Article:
In Flanders Fields

By John McCrae

In Flanders fields the poppies blow

Between the crosses, row on row,
That mark our place; and in the sky

The larks, still bravely singing, fly

Scarce heard amid the guns below.


We are the Dead. Short days ago
We lived, felt dawn, saw sunset glow,
Loved and were loved, and now we lie,

In Flanders fields.


Take up our quarrel with the foe:
To you from failing hands we throw

The torch; be yours to hold it high.

If ye break faith with us who die
We shall not sleep, though poppies grow

In Flanders fields.

The Advanced Dressing Station where John McCrae was based at Essex Farm

At the beginning of WWI in 1914, Canada, as a Dominion within the British Empire, was at war as well. McCrae was appointed as Medical Officer and Major of the 1st Brigade CFA (Canadian Field Artillery). He treated the wounded during the Second Battle of Ypres in 1915, from a hastily dug, 8 foot by 8 foot bunker dug in the back of the dyke along the Yser Canal about 2 miles north of Ypres. McCrae’s friend and former militia pal, Lt Alexis Helmer, was killed in the battle, and his burial inspired the poem, ‘In Flander’s Fields’, which was written on May 3rd 1915 and was first published in the magazine Punch.

Bunker where McCrae treated the wounded

From June 1st 1915, McCrae was ordered away from the artillery to set up No. 3 Canadian General Hospital at Dannes-Camiers near Boulogne-sur-Mer, northern France. C.L.C. Allinson reported that McCrae “most unmilitarily told [me] what he thought of being transferred to the medicals and being pulled away from his beloved guns. His last words to me were: ‘Allinson, all the goddamn doctors in the world will not win this bloody war: what we need is more and more fighting men.'”

“In Flanders Fields” appeared anonymously in Punch on December 8, 1915, but in the index to that year McCrae was named as the author. The verses swiftly became one of the most popular poems of the war, used in countless fund-raising campaigns and frequently translated. “In Flanders Fields” was also extensively printed in the United States, whose government was contemplating joining the war, alongside a ‘reply’ by R.W.Lillard, “…Fear not that you have died for naught, / The torch ye threw to us we caught…”.

McCrae’s grave at the CWGC Cemetery at Wimereux, France

For eight months the hospital operated in Durbar tents shipped from India, but after suffering from storms, floods, and frosts it was moved in February 1916 into the old Jesuit College in Boulogne-sur-Mer.

Plaque at Essex Farm

McCrae, now “a household name, albeit a frequently misspelt one”, regarded his sudden fame with some amusement, wishing that “they would get to printing ‘In F.F.’ correctly: it never is nowadays”; but (writes his biographer) “he was satisfied if the poem enabled men to see where their duty lay.”

Lt Col John McCrae Pic. Guelph Museum

On January 28, 1918, while still commanding No. 3 Canadian General Hospital (McGill) at Boulogne, McCrae died of pneumonia with “extensive Pneumococcus meningitis” at the British General Hospital in Wimereux, France. He was buried the following day in the CWGC section of Wimereux Cemetery, just a couple of kilometres up the coast from Boulogne, with full military honours.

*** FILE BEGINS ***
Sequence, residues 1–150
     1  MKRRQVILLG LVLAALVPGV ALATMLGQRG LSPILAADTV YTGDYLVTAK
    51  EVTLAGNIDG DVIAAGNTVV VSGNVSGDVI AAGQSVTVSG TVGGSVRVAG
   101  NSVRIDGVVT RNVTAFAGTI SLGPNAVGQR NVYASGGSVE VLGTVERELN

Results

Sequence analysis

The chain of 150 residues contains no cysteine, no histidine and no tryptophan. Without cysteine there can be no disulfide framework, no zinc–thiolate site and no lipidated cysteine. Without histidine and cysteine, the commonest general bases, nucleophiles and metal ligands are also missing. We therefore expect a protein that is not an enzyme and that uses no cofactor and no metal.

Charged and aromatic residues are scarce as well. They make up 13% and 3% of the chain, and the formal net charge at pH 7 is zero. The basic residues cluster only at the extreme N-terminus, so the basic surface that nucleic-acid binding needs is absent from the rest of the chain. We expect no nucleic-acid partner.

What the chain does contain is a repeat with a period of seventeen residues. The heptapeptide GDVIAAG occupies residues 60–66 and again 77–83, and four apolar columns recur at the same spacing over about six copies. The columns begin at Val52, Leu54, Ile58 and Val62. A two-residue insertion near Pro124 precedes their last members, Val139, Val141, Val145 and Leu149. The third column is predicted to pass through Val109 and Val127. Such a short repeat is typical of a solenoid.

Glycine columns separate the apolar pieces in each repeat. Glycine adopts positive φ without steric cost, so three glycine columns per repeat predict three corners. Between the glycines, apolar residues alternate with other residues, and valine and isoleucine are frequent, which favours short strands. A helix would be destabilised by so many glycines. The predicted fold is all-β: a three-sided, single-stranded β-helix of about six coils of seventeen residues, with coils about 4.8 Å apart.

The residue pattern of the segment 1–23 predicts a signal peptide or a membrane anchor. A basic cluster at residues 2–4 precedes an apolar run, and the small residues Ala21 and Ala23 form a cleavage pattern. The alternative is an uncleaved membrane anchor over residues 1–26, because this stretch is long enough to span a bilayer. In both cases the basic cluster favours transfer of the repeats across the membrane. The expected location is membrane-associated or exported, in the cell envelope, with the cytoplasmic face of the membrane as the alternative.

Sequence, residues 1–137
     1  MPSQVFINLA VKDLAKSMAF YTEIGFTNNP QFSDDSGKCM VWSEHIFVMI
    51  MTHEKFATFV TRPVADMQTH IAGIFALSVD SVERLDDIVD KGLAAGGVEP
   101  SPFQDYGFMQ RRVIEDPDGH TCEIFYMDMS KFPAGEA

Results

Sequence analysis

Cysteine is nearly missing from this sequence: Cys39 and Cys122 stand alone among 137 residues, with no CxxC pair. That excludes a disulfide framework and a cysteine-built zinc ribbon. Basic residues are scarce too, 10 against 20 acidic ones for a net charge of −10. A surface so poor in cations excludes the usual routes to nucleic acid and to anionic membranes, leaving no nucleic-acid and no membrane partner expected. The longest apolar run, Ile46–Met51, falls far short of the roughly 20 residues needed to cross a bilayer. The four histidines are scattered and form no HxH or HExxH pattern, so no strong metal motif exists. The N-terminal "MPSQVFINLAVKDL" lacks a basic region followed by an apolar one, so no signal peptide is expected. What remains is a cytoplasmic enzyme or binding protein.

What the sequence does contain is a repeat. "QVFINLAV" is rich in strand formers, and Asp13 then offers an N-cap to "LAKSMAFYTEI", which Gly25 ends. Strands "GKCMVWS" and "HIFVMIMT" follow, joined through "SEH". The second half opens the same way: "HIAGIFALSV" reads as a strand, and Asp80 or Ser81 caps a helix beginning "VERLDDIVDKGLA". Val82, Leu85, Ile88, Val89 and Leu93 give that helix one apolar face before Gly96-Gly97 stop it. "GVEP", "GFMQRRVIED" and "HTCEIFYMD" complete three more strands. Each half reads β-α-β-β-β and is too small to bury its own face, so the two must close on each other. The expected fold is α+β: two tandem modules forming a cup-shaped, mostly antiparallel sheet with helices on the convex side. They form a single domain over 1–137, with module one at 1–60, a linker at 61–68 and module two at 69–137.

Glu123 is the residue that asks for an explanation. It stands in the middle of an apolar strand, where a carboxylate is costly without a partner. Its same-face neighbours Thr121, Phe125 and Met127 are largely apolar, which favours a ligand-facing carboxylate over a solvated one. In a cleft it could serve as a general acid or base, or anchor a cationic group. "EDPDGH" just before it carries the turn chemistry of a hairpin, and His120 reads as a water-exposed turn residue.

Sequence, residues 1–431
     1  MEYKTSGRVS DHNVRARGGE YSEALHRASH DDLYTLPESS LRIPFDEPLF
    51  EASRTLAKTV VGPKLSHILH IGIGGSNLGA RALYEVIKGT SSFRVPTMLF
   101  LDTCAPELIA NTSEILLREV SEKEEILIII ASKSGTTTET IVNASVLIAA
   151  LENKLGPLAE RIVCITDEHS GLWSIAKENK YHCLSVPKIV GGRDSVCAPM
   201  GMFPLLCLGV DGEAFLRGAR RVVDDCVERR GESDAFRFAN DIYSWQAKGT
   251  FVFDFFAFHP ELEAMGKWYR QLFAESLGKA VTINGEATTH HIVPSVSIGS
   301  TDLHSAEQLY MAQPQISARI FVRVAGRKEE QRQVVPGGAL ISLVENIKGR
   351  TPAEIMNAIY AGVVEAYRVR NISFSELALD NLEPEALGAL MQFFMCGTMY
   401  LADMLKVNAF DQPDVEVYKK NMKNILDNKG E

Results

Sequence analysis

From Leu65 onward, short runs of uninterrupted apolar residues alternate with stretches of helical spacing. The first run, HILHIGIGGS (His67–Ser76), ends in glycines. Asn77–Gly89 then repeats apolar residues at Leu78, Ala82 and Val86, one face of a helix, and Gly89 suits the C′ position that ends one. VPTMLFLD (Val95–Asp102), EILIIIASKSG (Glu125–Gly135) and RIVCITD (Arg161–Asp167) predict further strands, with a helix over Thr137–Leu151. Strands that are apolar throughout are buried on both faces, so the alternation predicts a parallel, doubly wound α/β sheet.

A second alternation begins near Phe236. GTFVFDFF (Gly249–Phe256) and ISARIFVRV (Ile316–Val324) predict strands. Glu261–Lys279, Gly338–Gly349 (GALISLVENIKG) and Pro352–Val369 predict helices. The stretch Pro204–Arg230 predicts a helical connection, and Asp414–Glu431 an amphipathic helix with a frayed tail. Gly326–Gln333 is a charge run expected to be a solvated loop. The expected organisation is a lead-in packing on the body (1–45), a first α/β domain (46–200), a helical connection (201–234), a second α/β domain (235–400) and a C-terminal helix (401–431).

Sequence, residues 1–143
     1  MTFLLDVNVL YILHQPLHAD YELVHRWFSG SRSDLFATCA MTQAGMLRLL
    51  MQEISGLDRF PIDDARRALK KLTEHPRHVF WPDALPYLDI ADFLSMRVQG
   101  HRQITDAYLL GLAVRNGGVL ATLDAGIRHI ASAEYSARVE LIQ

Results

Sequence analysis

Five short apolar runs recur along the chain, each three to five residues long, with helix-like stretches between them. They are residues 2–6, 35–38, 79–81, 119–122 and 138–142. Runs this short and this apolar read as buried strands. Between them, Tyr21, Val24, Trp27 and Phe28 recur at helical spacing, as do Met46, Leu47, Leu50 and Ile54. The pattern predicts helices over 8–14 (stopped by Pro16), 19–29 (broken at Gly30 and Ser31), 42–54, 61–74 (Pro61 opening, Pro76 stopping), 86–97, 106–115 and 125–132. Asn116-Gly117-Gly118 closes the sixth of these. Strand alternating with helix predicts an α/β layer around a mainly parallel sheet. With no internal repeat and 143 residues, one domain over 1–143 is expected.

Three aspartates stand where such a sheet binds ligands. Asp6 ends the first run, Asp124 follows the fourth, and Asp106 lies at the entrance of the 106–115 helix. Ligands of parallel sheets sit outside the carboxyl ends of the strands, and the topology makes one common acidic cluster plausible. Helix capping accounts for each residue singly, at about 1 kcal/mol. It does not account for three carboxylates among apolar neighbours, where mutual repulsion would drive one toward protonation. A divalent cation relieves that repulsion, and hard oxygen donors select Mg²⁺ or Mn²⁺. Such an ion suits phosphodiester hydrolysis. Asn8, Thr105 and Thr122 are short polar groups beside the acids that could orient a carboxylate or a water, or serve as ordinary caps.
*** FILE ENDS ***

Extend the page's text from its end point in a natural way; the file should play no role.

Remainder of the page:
A plaque with McCrae’s poem ‘In Flander’s Fields’


Cross of Sacrifice at Essex Farm Cemetery

Back to World War One in Flanders, day four of our trip visited one very interesting site before returning to Ieper. The CWGC maintained Essex Farm Cemetery is just north of Ieper near Boezinge. More than 1000 servicemen of the First World War are buried or commemorated here. Of these, 103 burials are unidentified. There are special memorials to commemorate nineteen casualties known or believed to be buried at this site.

Memorial for 49th (West Riding) Division at Essex Farm Cemetery

It was the location of an Advanced Dressing Station during WWI. The concrete buildings used by the dressing stations can still be seen in the cemetery. A project to restore the surviving bunkers at the dressing stations was carried out by the town of Ieper (Ypres).

Close-up of 49th WR Division memorial. Pic. Peter Smith, Leger Battlefield Tours

The bunkers represent the largest number still visible and located together in the Ypres Salient area.

Essex Farm Cemetery seen from the nearby hill (CWGC picture)

The land south of Essex Farm was used as a dressing station cemetery from April 1915 to August 1917. The burials were made without definite plan and some of the divisions which occupied this sector may be traced in almost every part of the cemetery, but the 49th (West Riding) Division buried their dead of 1915 in Plot I, and the 38th (Welsh) Division used Plot III in the autumn of 1916.

Lt Col John McCrae (Guelph Museums picture)

It was here that Canadian doctor Lieutenant Colonel John McCrae wrote the poem In Flanders Fields’ in May 1915, which I will feature separately.


Tom Kettle (Pic. WikiCommons)

The following story by Patricia Killeen is taken from the US website published on September 10th. It details a commemoration held by the Irish in France including our Ambassador commemorating Lt Tom Kettle (former MP), Lance Corporal Francis Ledwidge from Slane and other members of Irish regiments in WWI.

Tom Kettle: Irish War Poet and nationalist was remembered by the Irish in France on the eve of the anniversary of his death.